The audience hushed, the casually overlooking dinosaur skeleton faded into the dim background, and I prepared myself for my first Todd Theatre experience, figuring it was about time I ventured into the world of fellow student playwrights and performers.

On the menu was the 12th annual One Act Play Festival, a yearly compilation of student-written single acts. The show ran a full course this past week, offering a spectacle of compelling characters and kooky costuming from Wednesday night to Saturday’s matinee.
I salted my popcorn and found a solid vantage point. I was about to lose my Todd Theatre V-card.

What’s up for the first act? ‘Stage Noir” introduced attorney Max, enthusiastically played by junior Alex Cox, who fumblingly searches for the killer of Natasha’s (Take Five Jacqueline R. O’Donnell) father. As Natasha and Max ploddingly recount the events which resulted in his tragic demise, the wily suspect Jimmy, played by goofy senior Griffin Pahl, unravels their threadbare accusation and reveals the murderer’s true identity.

Many of the act’s jokes spin on acknowledgment of the theatre setting, providing a self-aware humor which offsets its foray into slapstick, such as the bizarre usage of fish bones, ‘Pimp” business cards and purple feather fedoras.

At the conclusion of the eclectic murder mystery, the soft-voiced femme fatale seals her fate with a lipstick-smeared smooch, playwright and sophomore Jessica Chinelli’s nod to the allure of smokey-screened classic film noir.

While the first act rested its storyline on light-hearted hilarity, the following performance of junior Emily Fogel’s ‘Woman of My Dreams” presents an ominous consultation with a domineering psychiatrist (senior Joey Hartmann-Dow).

In the surreal scene, the troubled, unnamed protagonist (played by freshman Sullivan Kidder) becomes increasingly disillusioned as he searches for his fabled soul mate. Instead of happily settling down with his prearranged bride-to-be, the protagonist expresses interest in Michael (senior David Weygandt), his male coworker.

While the act’s intention was to convey the surrealism of a world which mandates that young men are arranged into eerily perfect partnerships, I think her message was often muddled.

For instance, the performance, in attempt to convey its proposed setting in another world, is prefaced by video clips of 1950’s poodle skirt moralism, very reminiscent of those dating videos which instruct the art of romantic hand-holding at the soda parlor.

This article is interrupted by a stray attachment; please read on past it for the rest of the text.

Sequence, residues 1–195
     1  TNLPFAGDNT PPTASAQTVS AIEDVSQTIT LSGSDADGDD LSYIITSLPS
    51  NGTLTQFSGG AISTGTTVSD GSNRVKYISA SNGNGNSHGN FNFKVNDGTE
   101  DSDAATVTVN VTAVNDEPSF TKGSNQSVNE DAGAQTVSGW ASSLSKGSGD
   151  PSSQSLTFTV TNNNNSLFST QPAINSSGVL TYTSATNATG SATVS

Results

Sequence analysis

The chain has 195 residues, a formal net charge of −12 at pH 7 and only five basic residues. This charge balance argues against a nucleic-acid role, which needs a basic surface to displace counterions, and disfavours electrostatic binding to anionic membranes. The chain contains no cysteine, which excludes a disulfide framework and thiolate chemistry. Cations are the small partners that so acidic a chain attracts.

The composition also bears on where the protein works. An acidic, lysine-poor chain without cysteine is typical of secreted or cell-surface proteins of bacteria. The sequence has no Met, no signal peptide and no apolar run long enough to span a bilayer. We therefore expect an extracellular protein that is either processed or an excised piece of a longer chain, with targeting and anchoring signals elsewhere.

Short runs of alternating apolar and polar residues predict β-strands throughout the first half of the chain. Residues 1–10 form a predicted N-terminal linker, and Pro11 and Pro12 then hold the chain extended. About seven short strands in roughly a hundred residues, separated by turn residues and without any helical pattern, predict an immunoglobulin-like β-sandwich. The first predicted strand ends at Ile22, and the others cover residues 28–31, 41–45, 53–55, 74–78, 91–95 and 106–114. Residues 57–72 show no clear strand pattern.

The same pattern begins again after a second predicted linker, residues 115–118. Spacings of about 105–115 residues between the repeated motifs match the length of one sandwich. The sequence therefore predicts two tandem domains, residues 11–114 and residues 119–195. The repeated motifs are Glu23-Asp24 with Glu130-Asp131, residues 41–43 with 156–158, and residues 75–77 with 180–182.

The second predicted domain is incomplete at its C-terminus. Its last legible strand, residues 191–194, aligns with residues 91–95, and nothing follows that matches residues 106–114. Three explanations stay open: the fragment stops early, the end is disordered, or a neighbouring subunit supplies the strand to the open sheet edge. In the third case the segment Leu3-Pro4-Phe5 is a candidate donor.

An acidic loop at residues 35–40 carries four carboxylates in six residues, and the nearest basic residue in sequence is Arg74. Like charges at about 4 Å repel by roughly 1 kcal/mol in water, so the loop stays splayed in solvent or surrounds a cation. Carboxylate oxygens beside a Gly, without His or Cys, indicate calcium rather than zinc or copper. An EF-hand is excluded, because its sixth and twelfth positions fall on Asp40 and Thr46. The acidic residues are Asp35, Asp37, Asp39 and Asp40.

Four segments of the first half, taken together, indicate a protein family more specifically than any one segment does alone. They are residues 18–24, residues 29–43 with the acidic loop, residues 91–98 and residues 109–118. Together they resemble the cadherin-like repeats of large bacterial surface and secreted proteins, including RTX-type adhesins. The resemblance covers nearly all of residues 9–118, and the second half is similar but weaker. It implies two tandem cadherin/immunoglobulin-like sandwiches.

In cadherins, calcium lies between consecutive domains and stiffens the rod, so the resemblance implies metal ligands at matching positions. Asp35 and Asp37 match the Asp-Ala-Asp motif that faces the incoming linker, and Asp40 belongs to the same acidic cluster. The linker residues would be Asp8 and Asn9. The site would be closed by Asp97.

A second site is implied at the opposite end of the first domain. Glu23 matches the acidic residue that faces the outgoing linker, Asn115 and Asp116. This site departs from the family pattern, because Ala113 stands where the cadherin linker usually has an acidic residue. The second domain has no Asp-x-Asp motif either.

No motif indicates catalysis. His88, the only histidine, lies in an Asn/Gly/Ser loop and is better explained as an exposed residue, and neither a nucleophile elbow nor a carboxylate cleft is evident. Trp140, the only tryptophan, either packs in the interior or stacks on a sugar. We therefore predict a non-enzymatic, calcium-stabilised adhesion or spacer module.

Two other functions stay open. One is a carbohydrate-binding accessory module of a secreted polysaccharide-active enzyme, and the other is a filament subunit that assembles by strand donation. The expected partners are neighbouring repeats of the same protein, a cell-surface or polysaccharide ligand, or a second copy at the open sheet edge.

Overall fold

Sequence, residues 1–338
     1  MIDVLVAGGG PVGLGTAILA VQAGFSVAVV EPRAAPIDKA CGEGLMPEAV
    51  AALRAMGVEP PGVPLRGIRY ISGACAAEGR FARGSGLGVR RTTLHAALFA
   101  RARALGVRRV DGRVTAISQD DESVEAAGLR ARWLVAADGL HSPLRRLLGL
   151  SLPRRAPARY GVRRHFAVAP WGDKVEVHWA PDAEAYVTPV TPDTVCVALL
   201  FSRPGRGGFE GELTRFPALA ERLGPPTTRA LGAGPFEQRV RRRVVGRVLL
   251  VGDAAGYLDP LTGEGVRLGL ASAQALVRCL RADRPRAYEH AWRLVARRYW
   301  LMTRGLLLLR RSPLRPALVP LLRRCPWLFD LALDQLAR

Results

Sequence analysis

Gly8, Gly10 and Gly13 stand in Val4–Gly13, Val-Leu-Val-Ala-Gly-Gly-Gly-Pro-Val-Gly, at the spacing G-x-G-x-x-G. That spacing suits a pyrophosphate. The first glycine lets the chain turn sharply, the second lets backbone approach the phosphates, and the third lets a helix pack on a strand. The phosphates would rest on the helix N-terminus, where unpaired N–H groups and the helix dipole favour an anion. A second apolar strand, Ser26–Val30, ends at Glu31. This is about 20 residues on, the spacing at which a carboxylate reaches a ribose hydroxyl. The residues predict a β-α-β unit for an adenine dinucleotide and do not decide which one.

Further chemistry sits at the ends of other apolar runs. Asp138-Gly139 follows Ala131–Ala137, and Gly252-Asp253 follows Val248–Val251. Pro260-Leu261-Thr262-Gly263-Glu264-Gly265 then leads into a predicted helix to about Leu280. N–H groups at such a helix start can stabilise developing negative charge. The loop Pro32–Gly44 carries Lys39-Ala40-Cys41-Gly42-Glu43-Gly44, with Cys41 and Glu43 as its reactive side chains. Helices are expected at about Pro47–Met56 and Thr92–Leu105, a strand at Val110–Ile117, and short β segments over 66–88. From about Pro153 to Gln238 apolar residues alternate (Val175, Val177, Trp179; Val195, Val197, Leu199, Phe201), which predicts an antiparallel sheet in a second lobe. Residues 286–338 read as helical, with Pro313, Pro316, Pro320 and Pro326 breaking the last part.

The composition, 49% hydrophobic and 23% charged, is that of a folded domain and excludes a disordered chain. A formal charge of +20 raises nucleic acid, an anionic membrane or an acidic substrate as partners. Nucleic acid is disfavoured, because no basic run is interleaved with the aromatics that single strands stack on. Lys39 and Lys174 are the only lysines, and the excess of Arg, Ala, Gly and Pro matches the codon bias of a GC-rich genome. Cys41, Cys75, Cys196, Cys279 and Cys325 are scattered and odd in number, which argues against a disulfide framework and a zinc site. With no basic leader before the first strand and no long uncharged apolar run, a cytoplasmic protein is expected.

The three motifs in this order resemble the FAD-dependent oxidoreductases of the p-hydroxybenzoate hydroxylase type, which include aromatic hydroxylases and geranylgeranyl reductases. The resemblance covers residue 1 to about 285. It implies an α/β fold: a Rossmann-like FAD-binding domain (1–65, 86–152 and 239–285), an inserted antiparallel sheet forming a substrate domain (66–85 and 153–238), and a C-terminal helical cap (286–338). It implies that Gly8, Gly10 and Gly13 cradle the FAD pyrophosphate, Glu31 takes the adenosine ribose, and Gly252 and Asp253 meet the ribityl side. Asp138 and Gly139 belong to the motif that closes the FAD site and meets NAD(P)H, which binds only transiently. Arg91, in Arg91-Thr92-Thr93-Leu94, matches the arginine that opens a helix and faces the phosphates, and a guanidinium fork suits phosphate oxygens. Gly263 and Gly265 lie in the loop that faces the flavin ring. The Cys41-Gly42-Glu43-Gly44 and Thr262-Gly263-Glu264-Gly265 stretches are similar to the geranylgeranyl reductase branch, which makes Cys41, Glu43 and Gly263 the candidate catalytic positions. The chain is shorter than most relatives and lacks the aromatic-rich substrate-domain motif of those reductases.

The fact that the setting is in another dimension is not explicitly addressed anywhere, though it is implied via the videos and some set elements, making it confusing for viewers who assume the action is taking place in a previous decade and have a hard time deciphering the seemingly random introduction of these elements.

The ordinary ‘Office Space” chic of the set and wardrobe is an interesting contrast to the brutal questioning that the protagonist endures as he rebels against the stringent ‘1984″-like ideology. Neon constellation mobiles hang in the air like many question marks.

After the metaphorical curtains closed on the protagonist’s troubling dilemma, we are then shown with a sparse but familiar scene: starting the next play a hair-pinned housewife warily assuring herself that yes, her lipstick is well-placed and yes, the wine glasses are sparkling clean.

But all is not well either, we learn, on Wisteria Lane, as Eunice (freshman Emma Caldwell, impeccably in character) and her husband David (sophomore Matthew Noyes) struggle to lay claim over his sexual dysfunction.

While Eunice labors to convince her husband to try, try again, David, in his stalwart masculinity, refuses to discuss his failures. As the two grow increasingly accusatory, viewers feel torn between the two.

Do we side with the distraught housewife in her desperate self-presentation, or are we pulled toward David, the injured and indignant patriarch? Playwright and freshman Quinlan Mitchell served us a fraught emotional ultimatum in his complex play.

Finally, the One Act Play Festival closed with a musical number, as playwright and senior Maximillien Letaconnoux introduces us to ‘The Old Man and His Machine,” a gray-haired senior (the ironically fresh-faced senior Matt Meyers) who tinkers day and night on a mysterious mechanical project. The geezer’s constant hunched-over hammering attracts the attention of two adorably obnoxious kids (senior Philip Fleisher and freshman Kelsey Burritt) who alert their suburbanite mothers (junior Andrea Sobolewski and freshman Kara Heon) that the old man is building (gasp!) a bomb.

Letaconnoux’s act is spiked with brief but thoroughly amusing musical oeuvres which borrow from both Gospel side-swaying and ‘Back to the Future” charming dorkiness.
The hilariously overcooked personality of Frenchie Madame Boulanger (junior Samantha Levine) lends eccentricity to the community sing-along at the act’s conclusion. And then the curtain finally closes.

As the curtains closed, the lights turned back on, and the world was returned to a non-actored reality, I was a little wistful that the real world wasn’t scripted like these plays.

Titus is a member of the class of 2011.



Veteran talks violence, masculinity, and capitalism in new book

Former marine Dr. Lyle Jeremy Rubin ‘20 gave a talk on violence, masculinity, and capitalism rooted in his Afghanistan War experiences.

SA solicits input on race-related trainings for faculty

SA released a survey seeking student input on potentially-mandatory race-related training curricula for faculty.

Confronting colorism is more complicated than we think

Even now, I remember thinking if such an extreme degree of caution was worth it, if paleness truly was enough to sacrifice the plain, irreplaceable pleasure of sunlight on bare skin.